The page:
Tobi Russell LPC, LLP, CAADC, CCS-M
This is not an article about taking sides, about who is right and who is wrong. Rather this is an article about listening to one another and some of what I have experienced in my counseling office since the election.
In my eighteen years of being a counselor, I have never had clients come into their sessions wanting to talk about their feelings about an election. I had individuals verbalizing fear, anxiety and sadness. I had clients diagnosed with eating disorders that were unable to eat. I had family members where sibling children were arguing with parents. One family member even reported that their own parent refused to speak to them because they voted for a different person than their parent did.
Obviously as a counselor, my job is to listen to people. But I don’t think that people need to be counselors to learn how to listen. Everyone needs to know how to listen. Hearing is different than listening. Hearing is perceiving sound by the ear. Listening on the other hand is something that you consciously choose to do. Listening has the goal of learning something new. Listening does not mean that you agree, but it does require that you respect a different perspective.
There are some important steps to engage in effective, active listening. The first step is to pay attention. Things like maintaining eye contact, putting aside distracting thoughts, and noticing the speaker’s body language are all part of paying attention. It is also important that we are not mentally preparing our “defense” in our head while someone is speaking. If we are thinking about what we want to say next, we are not listening to what the person is saying.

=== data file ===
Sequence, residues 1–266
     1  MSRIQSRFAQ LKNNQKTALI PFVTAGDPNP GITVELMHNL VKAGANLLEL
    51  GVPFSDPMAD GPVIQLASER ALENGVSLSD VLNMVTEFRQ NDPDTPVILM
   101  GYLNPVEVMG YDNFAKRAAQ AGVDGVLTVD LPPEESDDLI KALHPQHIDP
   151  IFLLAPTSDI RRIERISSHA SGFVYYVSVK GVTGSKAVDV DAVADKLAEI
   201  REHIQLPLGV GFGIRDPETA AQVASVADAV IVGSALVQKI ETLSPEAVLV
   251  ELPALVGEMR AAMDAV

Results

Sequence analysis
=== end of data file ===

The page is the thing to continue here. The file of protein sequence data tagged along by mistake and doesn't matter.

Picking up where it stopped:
When it is time to respond, it is important to reflect what you think you have heard them say. For example, what I’m hearing is….or it sounds like you are saying…..As difficult as it may be, allow the person speaking to finish each point before asking questions and resist interrupting.
Active listening is a model for respect and understanding. It adds nothing to the conversation when you attack another person verbally, name-call, use passive-aggressive communication or bully them into agreeing with you. The 200 plus hate crimes that have been reported since last week is an example of individuals not listening to one another, but rather taking one characteristic and choosing to make that a reason for attacking that person. These behaviors are not limited to adults. Schools are seeing these behaviors as well. As adults, we have a responsibility to model appropriate ways to disagree.
Social media has made it even easier for us as a society to say demeaning comments to another person because we believe we have the cover of our computer screens. Somehow that makes the person on the other end of the screen not a “real” person. But they are real people. People with thoughts, feelings, goals, and dreams.
From a mental health perspective, it is important for all of us to practice the skill of listening. We all want to be listened to because it provides us a sense of belonging, which is a basic human need. November 13th was World Kindness Day, a day that encourages individuals to overlook boundaries, race and religion. I challenge all of us to celebrate this every single day. Our happiness and survival depends on it.